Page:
At one point in its history, the southwest corner of Hanover was known as Dresden, which in the 1780s joined other disgruntled New Hampshire towns along the Connecticut River that briefly defected to what was then the independent Republic of Vermont. For a time, Dresden was capital of the republic. [3] After various political posturings, however, the towns returned to New Hampshire at the heated insistence of George Washington. [4] One remnant of this era is that the name Dresden is still used in the Dresden School District, an interstate school district serving both Hanover and Norwich, Vermont -- the first and one of the few inter-state school districts in the nation.

Etymology

"Hannover" (as it was spelled in the charter) was named either after a local parish in Sprague, Connecticut, or after the House of Hannover in honor of the reigning British king, George III. [5]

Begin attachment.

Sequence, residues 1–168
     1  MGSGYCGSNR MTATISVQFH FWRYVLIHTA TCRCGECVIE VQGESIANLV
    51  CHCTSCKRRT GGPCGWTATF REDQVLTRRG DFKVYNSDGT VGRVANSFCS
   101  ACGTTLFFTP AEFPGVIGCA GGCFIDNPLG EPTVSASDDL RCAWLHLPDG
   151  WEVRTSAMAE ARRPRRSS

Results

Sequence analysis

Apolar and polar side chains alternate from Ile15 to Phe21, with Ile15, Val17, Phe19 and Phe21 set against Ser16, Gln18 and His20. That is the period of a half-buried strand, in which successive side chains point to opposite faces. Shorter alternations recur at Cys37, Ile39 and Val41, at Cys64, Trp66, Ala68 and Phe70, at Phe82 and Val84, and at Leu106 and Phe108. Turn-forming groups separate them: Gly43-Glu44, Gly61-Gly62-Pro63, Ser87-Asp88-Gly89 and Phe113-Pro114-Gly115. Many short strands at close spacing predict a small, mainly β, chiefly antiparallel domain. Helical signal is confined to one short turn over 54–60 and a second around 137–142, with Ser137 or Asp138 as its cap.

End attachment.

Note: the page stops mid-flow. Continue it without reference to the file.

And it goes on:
While it is possible that the name "Dresden" derived from Dresden in Germany, it is more likely derived directly from the old Sorbian word drezg ("forest") or Drezd'ane, for an inhabitant of a forest. [6] [7]

Geography and climate

According to the United States Census Bureau, the town has a total area of 50.2 square miles (130 km2), of which 49.1 sq mi (127 km2) is land and 1.1 sq mi (2.8 km2) is water, comprising 2.23% of the town. The primary settlement in Hanover, where over 75% of the town's population resides, is defined as the Hanover census-designated place (CDP) and contains the areas around Dartmouth College and the intersections of New Hampshire Routes 10, 10A, and 120. The CDP has a total area of 5.0 sq mi (13 km2), of which 4.6 sq mi (12 km2) is land and 0.4 sq mi (1.0 km2) is water.

Hanover borders the towns of Lyme, Canaan, and Enfield, New Hampshire; Norwich, Vermont; and the city of Lebanon, New Hampshire. Inside the limits of Hanover are the small rural villages of Etna and Hanover center.